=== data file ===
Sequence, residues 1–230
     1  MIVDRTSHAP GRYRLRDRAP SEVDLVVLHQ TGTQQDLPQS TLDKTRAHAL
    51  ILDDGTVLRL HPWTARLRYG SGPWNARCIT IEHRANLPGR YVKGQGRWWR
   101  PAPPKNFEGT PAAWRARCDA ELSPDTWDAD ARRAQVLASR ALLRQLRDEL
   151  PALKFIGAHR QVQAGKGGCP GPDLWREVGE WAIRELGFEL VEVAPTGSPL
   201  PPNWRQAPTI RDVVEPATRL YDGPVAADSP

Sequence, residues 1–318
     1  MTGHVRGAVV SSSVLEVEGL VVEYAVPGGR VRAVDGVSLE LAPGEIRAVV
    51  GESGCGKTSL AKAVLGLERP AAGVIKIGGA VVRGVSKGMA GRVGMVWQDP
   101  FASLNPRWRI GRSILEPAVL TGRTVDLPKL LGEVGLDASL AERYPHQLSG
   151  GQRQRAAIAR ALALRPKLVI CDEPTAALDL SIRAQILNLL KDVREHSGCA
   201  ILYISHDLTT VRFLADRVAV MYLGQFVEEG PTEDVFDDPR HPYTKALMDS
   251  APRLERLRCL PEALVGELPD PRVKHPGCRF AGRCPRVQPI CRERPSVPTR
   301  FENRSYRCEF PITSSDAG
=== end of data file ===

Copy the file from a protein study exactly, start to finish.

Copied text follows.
Sequence, residues 1–230
     1  MIVDRTSHAP GRYRLRDRAP SEVDLVVLHQ TGTQQDLPQS TLDKTRAHAL
    51  ILDDGTVLRL HPWTARLRYG SGPWNARCIT IEHRANLPGR YVKGQGRWWR
   101  PAPPKNFEGT PAAWRARCDA ELSPDTWDAD ARRAQVLASR ALLRQLRDEL
   151  PALKFIGAHR QVQAGKGGCP GPDLWREVGE WAIRELGFEL VEVAPTGSPL
   201  PPNWRQAPTI RDVVEPATRL YDGPVAADSP

Sequence, residues 1–318
     1  MTGHVRGAVV SSSVLEVEGL VVEYAVPGGR VRAVDGVSLE LAPGEIRAVV
    51  GESGCGKTSL AKAVLGLERP AAGVIKIGGA VVRGVSKGMA GRVGMVWQDP
   101  FASLNPRWRI GRSILEPAVL TGRTVDLPKL LGEVGLDASL AERYPHQLSG
   151  GQRQRAAIAR ALALRPKLVI CDEPTAALDL SIRAQILNLL KDVREHSGCA
   201  ILYISHDLTT VRFLADRVAV MYLGQFVEEG PTEDVFDDPR HPYTKALMDS
   251  APRLERLRCL PEALVGELPD PRVKHPGCRF AGRCPRVQPI CRERPSVPTR
   301  FENRSYRCEF PITSSDAG